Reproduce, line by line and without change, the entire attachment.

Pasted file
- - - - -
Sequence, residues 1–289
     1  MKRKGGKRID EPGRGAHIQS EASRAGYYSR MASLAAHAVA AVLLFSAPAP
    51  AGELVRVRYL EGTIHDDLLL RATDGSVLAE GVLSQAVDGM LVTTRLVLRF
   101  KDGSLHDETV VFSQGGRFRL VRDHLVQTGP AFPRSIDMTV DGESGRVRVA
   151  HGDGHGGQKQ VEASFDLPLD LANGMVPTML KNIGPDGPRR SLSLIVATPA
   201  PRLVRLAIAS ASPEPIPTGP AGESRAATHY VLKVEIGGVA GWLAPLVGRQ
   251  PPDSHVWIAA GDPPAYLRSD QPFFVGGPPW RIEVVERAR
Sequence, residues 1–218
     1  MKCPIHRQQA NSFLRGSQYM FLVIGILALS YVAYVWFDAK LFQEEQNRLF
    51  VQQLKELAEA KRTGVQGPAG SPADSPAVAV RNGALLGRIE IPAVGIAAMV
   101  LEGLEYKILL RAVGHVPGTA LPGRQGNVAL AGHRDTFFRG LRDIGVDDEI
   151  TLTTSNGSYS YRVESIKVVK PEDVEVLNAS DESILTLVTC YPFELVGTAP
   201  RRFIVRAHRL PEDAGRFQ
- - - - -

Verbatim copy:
Sequence, residues 1–289
     1  MKRKGGKRID EPGRGAHIQS EASRAGYYSR MASLAAHAVA AVLLFSAPAP
    51  AGELVRVRYL EGTIHDDLLL RATDGSVLAE GVLSQAVDGM LVTTRLVLRF
   101  KDGSLHDETV VFSQGGRFRL VRDHLVQTGP AFPRSIDMTV DGESGRVRVA
   151  HGDGHGGQKQ VEASFDLPLD LANGMVPTML KNIGPDGPRR SLSLIVATPA
   201  PRLVRLAIAS ASPEPIPTGP AGESRAATHY VLKVEIGGVA GWLAPLVGRQ
   251  PPDSHVWIAA GDPPAYLRSD QPFFVGGPPW RIEVVERAR
Sequence, residues 1–218
     1  MKCPIHRQQA NSFLRGSQYM FLVIGILALS YVAYVWFDAK LFQEEQNRLF
    51  VQQLKELAEA KRTGVQGPAG SPADSPAVAV RNGALLGRIE IPAVGIAAMV
   101  LEGLEYKILL RAVGHVPGTA LPGRQGNVAL AGHRDTFFRG LRDIGVDDEI
   151  TLTTSNGSYS YRVESIKVVK PEDVEVLNAS DESILTLVTC YPFELVGTAP
   201  RRFIVRAHRL PEDAGRFQ